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A Practical Guide for Librarians
Margaret E. Henderson
Libraries organize information and data is information, so it is natural that librarians should help people who need to find, organize, use, or store data. Organizations need evidence for decision making; data provides that evidence. Inventors and creators build upon data collected by others. All around us, people need data. Librarians can help increase the relevance of their library to the research and education mission of their institution by learning more about data and how to manage it.
will guide readers through:
Understanding data management basics and best practices.
Using the reference interview to help with data management
Writing data management plans for grants.
Starting and growing a data management service.
Finding collaborators inside and outside the library.
Collecting and using data in different disciplines.
Rowman & Littlefield Publishers
Size: 8 1/2 x 11
978-1-4422-6438-0 • Paperback • October 2016 •
978-1-4422-6439-7 • eBook • October 2016 •
Practical Guides for Librarians
Language Arts & Disciplines / Library & Information Science / General
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Margaret E. Henderson
has been Director, Research Data Management and Associate Professor, Virginia Commonwealth University Libraries, since the fall of 2013. She has helped with university data policy, lectured on grant compliance issues, provided data management instruction, and assisted with data management plans for grants. Margaret has also published peer-reviewed articles and has been an organizer and presenter at meetings such as MLA and RDAP, as well as an invited speaker at the eScience Symposium. Margaret is a Distinguished Member of the Academy of Health Information Professionals and completed a graduate certificate in Biomedical Informatics from the Oregon Health and Sciences University. During her time at VCU, she has been Research and Education Librarian in the Tompkins-McCaw Library for the Health Sciences, and database manager for the Department of Anatomy and Neurobiology, School of Medicine. Prior to moving to Virginia, Margaret was the Director of Libraries and Archives at the Cold Spring Harbor Laboratory in New York. Margaret received her MLIS from the University of Western Ontario SLIS (now FIMS).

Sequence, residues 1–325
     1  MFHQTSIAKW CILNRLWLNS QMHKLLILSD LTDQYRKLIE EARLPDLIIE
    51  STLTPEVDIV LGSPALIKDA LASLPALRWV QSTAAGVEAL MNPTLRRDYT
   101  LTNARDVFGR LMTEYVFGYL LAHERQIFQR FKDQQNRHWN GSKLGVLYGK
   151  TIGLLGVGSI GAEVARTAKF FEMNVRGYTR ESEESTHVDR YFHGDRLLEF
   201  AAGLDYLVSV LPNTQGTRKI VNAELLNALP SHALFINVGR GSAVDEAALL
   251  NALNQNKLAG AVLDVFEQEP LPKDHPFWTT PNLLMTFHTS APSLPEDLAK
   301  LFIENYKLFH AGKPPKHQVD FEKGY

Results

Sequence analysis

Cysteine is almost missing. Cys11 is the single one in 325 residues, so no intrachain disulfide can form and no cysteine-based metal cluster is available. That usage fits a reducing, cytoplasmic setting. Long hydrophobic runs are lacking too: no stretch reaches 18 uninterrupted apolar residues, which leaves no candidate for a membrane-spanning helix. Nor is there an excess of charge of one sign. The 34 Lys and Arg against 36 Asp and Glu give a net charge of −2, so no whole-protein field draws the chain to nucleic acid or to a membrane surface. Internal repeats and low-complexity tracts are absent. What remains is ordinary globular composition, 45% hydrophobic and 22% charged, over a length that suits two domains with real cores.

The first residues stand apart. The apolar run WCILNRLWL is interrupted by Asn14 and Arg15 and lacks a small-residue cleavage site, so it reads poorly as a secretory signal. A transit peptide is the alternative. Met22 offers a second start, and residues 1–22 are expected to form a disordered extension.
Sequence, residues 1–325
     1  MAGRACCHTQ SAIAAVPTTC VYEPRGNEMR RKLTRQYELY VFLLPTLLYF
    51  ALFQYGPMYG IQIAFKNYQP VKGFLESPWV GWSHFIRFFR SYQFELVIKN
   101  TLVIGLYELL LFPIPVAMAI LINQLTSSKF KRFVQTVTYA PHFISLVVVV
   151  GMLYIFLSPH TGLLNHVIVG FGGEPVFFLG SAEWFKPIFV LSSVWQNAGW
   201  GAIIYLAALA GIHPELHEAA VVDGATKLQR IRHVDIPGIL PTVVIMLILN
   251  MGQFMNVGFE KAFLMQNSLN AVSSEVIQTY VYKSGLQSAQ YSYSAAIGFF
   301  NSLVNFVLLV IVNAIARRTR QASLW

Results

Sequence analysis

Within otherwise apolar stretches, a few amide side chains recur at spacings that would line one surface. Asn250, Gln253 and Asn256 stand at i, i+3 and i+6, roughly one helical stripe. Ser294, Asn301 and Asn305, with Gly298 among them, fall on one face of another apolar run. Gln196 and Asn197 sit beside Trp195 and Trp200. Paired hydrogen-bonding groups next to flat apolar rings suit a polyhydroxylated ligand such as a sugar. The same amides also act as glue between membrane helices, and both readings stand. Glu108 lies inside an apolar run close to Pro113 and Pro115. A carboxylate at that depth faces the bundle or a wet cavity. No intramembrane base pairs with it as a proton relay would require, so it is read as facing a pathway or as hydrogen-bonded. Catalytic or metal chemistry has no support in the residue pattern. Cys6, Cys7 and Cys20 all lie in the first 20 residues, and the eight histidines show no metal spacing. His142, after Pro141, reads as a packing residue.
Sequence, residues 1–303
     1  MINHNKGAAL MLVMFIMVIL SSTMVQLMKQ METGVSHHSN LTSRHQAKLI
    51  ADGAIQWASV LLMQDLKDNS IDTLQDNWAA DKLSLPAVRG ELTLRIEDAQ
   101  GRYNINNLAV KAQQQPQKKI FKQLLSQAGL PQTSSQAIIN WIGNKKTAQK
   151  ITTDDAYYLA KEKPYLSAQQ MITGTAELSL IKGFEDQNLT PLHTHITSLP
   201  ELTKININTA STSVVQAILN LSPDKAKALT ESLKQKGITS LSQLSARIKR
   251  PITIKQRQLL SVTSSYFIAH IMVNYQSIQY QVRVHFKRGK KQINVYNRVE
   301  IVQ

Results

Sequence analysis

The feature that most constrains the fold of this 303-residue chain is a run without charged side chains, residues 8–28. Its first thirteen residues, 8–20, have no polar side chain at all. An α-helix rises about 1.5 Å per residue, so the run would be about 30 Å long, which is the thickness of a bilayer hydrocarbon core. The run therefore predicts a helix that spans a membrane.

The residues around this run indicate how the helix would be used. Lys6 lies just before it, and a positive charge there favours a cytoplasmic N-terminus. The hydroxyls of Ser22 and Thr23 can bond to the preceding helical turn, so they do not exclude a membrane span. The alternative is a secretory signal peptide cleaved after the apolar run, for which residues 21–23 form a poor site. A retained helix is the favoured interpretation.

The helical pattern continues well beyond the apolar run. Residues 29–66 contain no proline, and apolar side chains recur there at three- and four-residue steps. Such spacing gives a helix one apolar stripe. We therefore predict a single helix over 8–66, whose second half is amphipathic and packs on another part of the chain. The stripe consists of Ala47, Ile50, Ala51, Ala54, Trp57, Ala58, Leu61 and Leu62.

List of Illustrations
Chapter 1. What is Data and Why Should Librarians be Involved?
Chapter 2. Understanding Research and the Role of Data
Chapter 3. Best Practices for Working with Research Data
Chapter 4. Data Interviews
Chapter 5. Storing, Curating, and Preserving Data
Chapter 6. Documentation and Metadata
Chapter 7. Publishing and Sharing Data
Chapter 8. Writing Data Management Plans
Chapter 9. Starting Data Management Services
Chapter 10. Leveraging Partnerships
Chapter 11. Expanding RDM Service
Chapter 12. Teaching Data
Chapter 13. Reusing Data
Chapter 14. Data Management Roles for Librarians
A Glossary of Data and Data Management Terms
About the Author
Data Management: A Practical Guide for Librarian,
Margaret Henderson has made a significant contribution to the effort in libraries to develop their data-related services. Her deep understanding of the field and countless relationships with experts make her one of the few authorities in libraries that can write a comprehensive guide, such as this one, for the library community. Henderson’s book covers the background knowledge needed by all data librarians and ideas for advancing data management services. This book will be of great value to librarians at all career stages.
Christopher Erdmann, Head Librarian, Harvard-Smithsonian Center for Astrophysics
Data Management: A Practical Guide for Librarians
is the book we've needed for research data management services in libraries. Henderson provides a well-rounded framework for growing research data management services in libraries. It covers not just what services could be provided, but offers sound guidance on how to provide them. Whether your library is just getting started with data or has a well-established suite of services, this book will serve as a useful reference for any librarian.
Jake Carlson, Research Data Services Manager, Stephen S. Clark Library, University of Michigan
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